Coventry Evening Telegraph
The Coventry Evening Telegraph was founded in Coventry on 9 February 1891 by William Isaac Iliffe in partnership with Henry Sturmey. Iliffe already owned the weekly Coventry Times. It was Coventry’s first daily paper and appeared initially as the Midland Daily Telegraph. A 4-page broadsheet, it sold for a halfpenny. Before the year was out four editions per day were being produced, but the paper did not return a decent profit for many years.
According to the opening statement by the owners, the Telegraph would “advocate those high principles of Independent Liberalism which form the broad basis of the freedom and liberty of the people”. It would be political without being partisan or the representative of any faction. All public events would be covered irrespective of the direction they took. They promised that “the sheet will be bright and chatty” and “by including special features never before introduced into daily journalism in the Midlands” hoped to win the support of the public. Local, domestic and foreign news were covered as well as commercial and financial reports and sports coverage. From 1897 a pink sports edition was published on a Saturday evening. A khaki edition was produced to honour those returning from the Boer War.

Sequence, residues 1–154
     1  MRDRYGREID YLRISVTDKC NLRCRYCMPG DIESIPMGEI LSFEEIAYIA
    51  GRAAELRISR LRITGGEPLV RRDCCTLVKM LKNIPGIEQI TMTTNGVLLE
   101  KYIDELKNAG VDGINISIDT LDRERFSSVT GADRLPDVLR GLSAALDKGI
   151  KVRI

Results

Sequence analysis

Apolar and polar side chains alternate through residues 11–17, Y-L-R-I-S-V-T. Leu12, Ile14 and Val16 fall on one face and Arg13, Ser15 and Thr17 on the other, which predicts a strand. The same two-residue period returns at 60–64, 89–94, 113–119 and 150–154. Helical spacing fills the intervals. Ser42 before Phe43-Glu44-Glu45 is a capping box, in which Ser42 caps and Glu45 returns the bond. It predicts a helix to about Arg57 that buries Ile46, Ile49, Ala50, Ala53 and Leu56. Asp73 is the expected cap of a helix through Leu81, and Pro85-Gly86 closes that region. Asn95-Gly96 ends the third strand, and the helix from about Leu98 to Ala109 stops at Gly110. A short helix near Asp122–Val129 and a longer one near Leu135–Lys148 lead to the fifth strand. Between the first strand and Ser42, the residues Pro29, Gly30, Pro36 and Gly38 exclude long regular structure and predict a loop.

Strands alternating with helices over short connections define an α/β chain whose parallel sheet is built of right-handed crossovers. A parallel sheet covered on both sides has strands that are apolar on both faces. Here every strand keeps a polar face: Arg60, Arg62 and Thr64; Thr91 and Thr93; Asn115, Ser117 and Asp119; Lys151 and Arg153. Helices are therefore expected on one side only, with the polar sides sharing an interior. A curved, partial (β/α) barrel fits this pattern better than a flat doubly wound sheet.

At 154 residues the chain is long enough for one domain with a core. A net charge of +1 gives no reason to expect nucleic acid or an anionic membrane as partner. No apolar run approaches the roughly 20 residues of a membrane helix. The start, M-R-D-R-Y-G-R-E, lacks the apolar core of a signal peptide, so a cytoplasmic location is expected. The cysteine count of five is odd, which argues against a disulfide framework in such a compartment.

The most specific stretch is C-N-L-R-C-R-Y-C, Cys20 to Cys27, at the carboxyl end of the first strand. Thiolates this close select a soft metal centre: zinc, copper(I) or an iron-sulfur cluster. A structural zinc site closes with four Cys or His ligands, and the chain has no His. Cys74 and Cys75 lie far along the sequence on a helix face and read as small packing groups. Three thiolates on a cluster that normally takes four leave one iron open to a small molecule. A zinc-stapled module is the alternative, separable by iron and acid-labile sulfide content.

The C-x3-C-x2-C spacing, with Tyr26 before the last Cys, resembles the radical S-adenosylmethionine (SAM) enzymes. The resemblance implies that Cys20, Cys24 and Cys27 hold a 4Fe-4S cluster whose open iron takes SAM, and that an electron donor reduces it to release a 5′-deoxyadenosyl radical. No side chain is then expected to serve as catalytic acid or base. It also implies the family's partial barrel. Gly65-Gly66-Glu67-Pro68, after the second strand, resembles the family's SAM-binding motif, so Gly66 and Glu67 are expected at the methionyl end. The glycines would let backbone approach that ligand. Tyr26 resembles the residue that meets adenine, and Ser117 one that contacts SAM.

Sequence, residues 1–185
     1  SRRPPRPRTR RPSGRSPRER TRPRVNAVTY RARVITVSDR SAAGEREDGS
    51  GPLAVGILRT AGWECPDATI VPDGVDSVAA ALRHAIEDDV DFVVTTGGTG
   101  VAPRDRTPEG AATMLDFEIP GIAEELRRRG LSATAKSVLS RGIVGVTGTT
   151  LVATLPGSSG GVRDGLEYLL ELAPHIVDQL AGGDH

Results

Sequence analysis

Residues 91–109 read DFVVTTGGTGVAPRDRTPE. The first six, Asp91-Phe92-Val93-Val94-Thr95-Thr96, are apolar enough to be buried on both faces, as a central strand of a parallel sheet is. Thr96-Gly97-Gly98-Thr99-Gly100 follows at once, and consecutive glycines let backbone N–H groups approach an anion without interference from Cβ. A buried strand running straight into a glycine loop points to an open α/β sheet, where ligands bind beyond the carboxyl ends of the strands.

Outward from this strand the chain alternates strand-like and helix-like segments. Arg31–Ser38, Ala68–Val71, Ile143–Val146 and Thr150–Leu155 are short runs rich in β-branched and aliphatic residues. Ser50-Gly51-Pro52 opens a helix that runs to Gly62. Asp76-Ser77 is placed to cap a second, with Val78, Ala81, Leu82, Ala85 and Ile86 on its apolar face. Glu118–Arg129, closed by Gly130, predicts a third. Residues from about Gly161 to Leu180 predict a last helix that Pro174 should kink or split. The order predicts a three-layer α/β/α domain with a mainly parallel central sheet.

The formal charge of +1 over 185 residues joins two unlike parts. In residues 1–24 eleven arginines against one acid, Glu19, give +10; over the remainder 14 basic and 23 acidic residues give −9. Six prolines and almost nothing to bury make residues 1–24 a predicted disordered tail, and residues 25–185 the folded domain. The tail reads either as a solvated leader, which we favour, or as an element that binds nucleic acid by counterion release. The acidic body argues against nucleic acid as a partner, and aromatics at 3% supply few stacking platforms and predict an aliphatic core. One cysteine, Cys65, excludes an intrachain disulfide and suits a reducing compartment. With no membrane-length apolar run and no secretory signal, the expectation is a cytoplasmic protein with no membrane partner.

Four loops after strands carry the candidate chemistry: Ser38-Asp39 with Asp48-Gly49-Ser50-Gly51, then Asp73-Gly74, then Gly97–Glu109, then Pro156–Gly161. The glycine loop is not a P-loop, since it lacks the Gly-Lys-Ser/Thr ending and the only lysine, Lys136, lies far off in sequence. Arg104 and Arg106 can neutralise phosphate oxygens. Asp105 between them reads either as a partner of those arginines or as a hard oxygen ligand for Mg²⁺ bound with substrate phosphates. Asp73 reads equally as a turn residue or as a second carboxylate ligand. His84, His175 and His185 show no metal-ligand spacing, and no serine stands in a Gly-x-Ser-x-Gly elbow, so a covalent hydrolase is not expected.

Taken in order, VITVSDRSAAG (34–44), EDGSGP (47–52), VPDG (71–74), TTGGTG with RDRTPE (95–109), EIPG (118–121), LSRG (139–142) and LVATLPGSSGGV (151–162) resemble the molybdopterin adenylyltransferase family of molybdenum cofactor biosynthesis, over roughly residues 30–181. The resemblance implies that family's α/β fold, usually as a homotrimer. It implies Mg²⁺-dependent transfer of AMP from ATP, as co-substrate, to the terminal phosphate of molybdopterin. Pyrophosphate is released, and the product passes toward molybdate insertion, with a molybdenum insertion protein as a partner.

The Midland Daily Telegraph became an evening paper in 1941, changing its name to the Coventry EveningTelegraph and continued to increase its circulation. It became the Coventry Telegraph in 2006.
For this newspaper, we have the following titles in, or planned for, our digital archive:
- 1891–1941 Midland Daily Telegraph
- 1941–45 Coventry Evening Telegraph.
This newspaper is published by Trinity Mirror in Coventry, West Midlands, England. It was digitised and first made available on the British Newspaper Archive in Aug 30, 2012 . The latest issues were added in Nov 7, 2016.